Newspaper claims Chilean dissidents killed at commune

Santiago, Chila - At least 22 dissidents who disappeared more than three decades ago under the dictatorship of Gen. Augusto Pinochet were killed at a secretive German colony and their bodies later burned with chemicals, the government-owned La Nacion newspaper reported Sunday.

The killings occurred during the two months after the Sept. 11, 1973, military coup in which Pinochet toppled elected Marxist President Salvador Allende, the paper said. Pinochet ruled until 1990.

The commune-like Dignity Colony was founded by German immigrants in southern Chile. Its leaders were accused of allowing Pinochet's security service to use it for the detention, torture and execution of dissidents. Leader Paul Schaefer, who founded the colony in the early 1960s, is serving a 20-year-old prison term on a conviction for sexually abusing 26 children at the enclave.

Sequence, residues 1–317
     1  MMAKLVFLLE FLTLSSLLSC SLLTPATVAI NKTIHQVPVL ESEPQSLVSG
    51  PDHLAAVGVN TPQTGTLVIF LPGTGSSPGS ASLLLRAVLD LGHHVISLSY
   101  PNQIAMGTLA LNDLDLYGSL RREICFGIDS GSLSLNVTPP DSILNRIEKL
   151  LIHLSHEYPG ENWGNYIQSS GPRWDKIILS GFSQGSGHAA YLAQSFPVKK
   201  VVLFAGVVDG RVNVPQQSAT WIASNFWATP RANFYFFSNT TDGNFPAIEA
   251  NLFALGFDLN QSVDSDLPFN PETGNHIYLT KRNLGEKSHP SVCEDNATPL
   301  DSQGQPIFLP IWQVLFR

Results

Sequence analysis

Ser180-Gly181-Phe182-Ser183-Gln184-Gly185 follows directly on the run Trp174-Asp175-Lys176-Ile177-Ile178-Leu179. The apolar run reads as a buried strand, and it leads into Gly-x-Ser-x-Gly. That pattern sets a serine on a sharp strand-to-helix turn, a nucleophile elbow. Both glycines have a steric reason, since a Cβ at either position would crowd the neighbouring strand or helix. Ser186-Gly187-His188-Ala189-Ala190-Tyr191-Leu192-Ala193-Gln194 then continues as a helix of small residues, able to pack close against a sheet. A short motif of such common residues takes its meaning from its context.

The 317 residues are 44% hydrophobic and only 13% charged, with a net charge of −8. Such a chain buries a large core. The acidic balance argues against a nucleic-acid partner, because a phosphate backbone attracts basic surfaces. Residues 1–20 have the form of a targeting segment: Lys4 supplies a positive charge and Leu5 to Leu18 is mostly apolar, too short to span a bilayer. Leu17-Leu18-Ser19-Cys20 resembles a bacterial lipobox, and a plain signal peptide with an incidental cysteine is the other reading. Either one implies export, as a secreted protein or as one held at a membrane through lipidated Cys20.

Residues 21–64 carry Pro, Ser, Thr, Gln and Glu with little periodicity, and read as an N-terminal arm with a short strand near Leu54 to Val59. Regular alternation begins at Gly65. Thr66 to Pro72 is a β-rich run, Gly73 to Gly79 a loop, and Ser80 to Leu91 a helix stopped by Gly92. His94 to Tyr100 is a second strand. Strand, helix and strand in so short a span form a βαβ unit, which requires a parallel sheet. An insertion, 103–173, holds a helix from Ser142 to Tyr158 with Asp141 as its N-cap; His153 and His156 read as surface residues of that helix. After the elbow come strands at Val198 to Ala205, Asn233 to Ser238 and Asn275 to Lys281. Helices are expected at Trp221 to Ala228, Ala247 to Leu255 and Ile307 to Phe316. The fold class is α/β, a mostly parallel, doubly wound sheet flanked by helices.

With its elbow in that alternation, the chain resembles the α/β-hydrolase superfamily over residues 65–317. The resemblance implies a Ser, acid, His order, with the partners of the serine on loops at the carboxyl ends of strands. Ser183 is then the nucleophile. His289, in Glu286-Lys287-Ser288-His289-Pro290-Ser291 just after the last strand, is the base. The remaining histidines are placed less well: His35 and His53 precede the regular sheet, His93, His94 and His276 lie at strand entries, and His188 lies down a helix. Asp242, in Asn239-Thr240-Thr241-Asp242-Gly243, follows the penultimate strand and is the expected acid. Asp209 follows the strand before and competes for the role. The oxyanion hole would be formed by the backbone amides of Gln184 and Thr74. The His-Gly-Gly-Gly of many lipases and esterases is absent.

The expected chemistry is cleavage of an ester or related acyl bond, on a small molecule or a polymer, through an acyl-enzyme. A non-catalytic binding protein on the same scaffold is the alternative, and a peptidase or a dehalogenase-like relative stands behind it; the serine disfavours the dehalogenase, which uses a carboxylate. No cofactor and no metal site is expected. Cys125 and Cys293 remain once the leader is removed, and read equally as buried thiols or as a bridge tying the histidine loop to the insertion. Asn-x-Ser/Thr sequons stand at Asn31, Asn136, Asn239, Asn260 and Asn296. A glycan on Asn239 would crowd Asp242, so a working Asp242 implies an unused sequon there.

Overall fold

Gerhard Mucke, one of the former leaders of the colony, made the disclosures about the killings of dissidents to Jorge Zepeda, the judge investigating human rights abuses at the sprawling farm 210 miles south of Santiago, the newspaper said.

Mucke told the judge that Schaefer ordered him in 1978 "to clean the farm" removing the remains.

"All the bodies were burned," Mucke said, according to the paper.

There was no comment from the government and a call to Zepeda's office on Sunday was not answered.

The colony was gradually dismantled after civilian rule was restored in Chile, but many of its members still live on the farm.

Earlier this year, the remaining members of the colony, Chileans and Germans, acknowledged in a public statement that abuses occurred there during the Pinochet regime.

They blamed Schaefer, 84, saying "he allowed our villa to be used for the detention and repression of people persecuted" by the Pinochet regime.

According to an official report, 3,197 people were killed for political reasons under Pinochet, and more than 1,000 are still missing.